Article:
One lied. One died.
When one sister dies, the other must go to desperate lengths to survive. Haunted by her twin sister’s death, Abi is making a fresh start in Bath. But when she meets twins Bea and Ben, she is quickly drawn into their privileged and unsettling circle.
When one sister lies, she must protect her secret at all costs. As Abi tries to keep up with the demands of her fickle friends, strange things start to happen – precious letters go missing and threatening messages are left in her room. Is this the work of the beautiful and capricious Bea? Or is Abi willing to go to any lengths to get attention? When the truth outs, will either sister survive?
The Sisters revolves around the character of Abi, who lost her twin sister Lucy in a tragic accident which she feels she could have prevented. Abi feels completely lost, until she meets Beatrice, a free spirited artist, with the added bonus of resembling Lucy. Grieving Abi is enchanted by Beatrice and her twin brother Ben, and once asked to move in; she sees the twins and the house as the perfect fresh start. Abi has craved company since the loss of her sister, and the regular parties, meals, and borrowing of Bea’s clothes provides the inclusivity she needs. However as Abi is drawn further into Beatrice and Ben’s world, cracks begin to emerge in the relationships, dark secrets are bubbling just under the surface, and sanity is slipping away.
The novel jumps between the narratives of protagonists Abi and Beatrice, both of which are unreliable narrators. I really liked this aspect of The Sisters as it left me questioning almost everything, particularly the sanity of the characters. I found myself trusting one character and then flitting to the other, but as always with one of Douglas’ novels, I was suspicious of everyone. This narrative works perfectly for the genre of this novel, Douglas builds up suspense and tension perfectly, and making you question everything you believe about these characters and what menacing events are to come.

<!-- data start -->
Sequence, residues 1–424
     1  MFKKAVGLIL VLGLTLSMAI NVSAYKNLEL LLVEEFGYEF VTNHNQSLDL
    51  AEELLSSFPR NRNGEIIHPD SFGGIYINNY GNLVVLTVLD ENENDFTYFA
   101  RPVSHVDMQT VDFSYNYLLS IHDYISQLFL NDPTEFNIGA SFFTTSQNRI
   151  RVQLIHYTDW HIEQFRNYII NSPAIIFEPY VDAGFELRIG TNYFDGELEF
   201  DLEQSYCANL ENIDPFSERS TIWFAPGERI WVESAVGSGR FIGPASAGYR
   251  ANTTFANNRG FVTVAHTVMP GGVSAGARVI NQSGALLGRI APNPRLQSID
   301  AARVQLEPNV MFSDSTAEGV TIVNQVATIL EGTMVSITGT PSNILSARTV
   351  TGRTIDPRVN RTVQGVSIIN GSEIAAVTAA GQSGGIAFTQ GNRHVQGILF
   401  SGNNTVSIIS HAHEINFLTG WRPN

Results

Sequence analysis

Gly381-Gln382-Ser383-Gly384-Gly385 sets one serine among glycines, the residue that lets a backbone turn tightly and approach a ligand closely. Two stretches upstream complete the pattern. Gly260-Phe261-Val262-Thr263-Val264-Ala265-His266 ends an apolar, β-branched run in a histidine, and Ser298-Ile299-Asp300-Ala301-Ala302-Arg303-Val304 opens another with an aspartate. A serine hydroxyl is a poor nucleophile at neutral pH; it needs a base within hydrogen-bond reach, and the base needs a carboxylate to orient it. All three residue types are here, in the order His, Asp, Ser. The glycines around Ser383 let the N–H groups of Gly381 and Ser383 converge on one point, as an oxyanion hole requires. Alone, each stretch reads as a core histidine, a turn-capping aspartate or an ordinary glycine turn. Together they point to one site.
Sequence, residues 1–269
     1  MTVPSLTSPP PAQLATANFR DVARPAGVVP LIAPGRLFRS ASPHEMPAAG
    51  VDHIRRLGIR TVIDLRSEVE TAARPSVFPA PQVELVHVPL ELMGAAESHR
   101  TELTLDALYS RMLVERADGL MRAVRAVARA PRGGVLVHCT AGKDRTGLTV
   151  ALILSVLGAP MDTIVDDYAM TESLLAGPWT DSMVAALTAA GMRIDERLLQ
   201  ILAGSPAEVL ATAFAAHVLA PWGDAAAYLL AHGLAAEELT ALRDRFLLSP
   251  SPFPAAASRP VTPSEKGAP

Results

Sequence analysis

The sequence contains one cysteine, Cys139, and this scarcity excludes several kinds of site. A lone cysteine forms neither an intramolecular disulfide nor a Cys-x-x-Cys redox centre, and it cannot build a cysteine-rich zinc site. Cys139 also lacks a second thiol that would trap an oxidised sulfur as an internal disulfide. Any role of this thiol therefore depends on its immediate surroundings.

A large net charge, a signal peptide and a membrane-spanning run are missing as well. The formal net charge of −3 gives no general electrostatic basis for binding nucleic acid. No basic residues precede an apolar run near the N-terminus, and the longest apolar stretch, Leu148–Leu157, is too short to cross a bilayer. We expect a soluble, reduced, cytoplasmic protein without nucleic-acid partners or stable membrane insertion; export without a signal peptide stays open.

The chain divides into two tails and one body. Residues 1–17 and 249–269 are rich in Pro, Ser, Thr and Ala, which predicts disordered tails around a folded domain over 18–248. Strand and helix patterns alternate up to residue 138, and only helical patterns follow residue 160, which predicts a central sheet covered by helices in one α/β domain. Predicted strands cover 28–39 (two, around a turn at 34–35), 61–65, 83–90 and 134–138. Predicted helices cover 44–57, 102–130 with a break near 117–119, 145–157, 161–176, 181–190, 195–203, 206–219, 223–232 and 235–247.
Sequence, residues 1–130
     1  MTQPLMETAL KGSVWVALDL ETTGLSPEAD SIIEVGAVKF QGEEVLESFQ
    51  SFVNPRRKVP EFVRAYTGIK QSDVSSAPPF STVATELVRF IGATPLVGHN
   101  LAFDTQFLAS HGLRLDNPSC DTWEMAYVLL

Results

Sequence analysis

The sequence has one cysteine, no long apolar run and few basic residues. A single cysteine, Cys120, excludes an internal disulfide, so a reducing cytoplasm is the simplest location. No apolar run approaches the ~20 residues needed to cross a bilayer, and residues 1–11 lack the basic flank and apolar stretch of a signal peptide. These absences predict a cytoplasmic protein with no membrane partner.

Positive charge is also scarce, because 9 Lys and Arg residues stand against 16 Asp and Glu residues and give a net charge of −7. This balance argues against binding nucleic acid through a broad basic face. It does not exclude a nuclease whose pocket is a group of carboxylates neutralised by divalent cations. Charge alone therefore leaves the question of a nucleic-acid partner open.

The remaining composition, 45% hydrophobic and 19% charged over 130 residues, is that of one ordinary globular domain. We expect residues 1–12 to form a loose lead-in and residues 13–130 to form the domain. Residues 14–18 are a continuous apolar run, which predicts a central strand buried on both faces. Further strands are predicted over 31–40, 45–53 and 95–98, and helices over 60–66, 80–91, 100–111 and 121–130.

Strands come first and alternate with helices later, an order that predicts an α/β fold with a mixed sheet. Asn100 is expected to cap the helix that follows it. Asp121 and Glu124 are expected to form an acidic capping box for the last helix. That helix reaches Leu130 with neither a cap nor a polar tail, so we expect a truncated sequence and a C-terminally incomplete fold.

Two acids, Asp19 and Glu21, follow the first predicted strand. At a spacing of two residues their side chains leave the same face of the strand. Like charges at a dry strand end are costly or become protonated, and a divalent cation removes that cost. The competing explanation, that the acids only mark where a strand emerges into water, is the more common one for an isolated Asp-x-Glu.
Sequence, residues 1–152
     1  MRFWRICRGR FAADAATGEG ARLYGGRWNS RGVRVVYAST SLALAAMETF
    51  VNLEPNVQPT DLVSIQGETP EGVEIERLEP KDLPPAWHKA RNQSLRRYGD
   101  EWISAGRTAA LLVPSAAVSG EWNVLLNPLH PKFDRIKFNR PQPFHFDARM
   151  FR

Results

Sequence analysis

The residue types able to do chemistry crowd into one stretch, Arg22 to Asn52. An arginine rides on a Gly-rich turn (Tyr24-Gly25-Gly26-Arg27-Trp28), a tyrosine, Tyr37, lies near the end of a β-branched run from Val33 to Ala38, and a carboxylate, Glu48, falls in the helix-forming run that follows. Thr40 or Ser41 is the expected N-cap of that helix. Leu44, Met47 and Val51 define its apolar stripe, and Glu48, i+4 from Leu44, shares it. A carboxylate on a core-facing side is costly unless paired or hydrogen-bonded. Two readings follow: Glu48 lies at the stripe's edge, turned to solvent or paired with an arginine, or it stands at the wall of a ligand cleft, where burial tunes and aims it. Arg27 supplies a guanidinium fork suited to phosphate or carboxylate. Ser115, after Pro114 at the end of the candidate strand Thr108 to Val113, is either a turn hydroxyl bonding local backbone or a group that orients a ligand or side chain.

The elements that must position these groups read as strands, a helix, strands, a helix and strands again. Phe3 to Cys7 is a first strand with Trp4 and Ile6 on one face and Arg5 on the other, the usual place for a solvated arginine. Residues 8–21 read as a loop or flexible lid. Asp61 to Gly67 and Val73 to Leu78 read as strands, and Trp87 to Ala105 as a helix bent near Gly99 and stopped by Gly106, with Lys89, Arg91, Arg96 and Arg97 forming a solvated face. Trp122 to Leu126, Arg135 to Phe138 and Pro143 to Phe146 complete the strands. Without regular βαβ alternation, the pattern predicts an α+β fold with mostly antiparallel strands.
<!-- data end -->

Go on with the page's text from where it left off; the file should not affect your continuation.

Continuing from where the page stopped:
I have to say I was fascinated by all of the characters, particularly the relationship between Beatrice and Ben. The twins are inseparable, possessive of each other and share a bond like no other, which makes for some uncomfortable reading. However, all of the characters in The Sisters are heavily flawed in their own way, but much like Abi with Beatrice, I was captivated by them all and their personalities, despite not all of them being particularly likeable.
My favourite character was Abi, who I felt was the only person I could trust and who I sympathised with throughout. The constant battle between her and Bea made for a gripping read, as both were out to make the other appear insane, yet at times appeared as though they needed each other. As with Local Girl Missing, Douglas’ evocative writing style left me yearning for the truth, not only about whom is behind all the strange happenings in the house, but about the characters themselves.
The plot works superbly for a psychological thriller as it is filled with clever twists, the eerie setting of the townhouse, and suspicious characters whose lives are dominated by lies and deceit. I could not predict what was going to happen from chapter to chapter, and was surprised by every twist thrown my way, which was a massive plus.
Overall, I would highly recommend The Sisters, if not for its fascinating characters alone, it certainly fits the bill. I finished the novel a couple of days ago and find still myself thinking about it now. The ending was rather abrupt; it left me wanting more and if I’m being completely honest, frantically googling for other theories on it. I hope it was written this way to set up a sequel in the future, if not it lets the reader conjure up their own idea of what happened next. I strongly suggest freeing up some days for this book as it won’t be leaving your hands. Douglas you have done it again, another fantastic read.